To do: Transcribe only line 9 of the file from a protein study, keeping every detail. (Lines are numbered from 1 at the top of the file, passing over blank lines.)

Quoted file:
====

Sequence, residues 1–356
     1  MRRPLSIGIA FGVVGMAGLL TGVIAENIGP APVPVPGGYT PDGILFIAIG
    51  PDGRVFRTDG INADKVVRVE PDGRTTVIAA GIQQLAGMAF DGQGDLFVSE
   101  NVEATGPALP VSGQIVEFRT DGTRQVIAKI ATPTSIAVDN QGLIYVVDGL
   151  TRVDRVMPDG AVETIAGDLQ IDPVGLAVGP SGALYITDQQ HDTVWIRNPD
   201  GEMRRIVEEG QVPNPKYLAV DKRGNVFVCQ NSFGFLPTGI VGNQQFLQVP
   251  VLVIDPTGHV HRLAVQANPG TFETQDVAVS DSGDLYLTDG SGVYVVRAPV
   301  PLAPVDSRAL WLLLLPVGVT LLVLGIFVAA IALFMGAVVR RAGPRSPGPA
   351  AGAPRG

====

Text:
   351  AGAPRG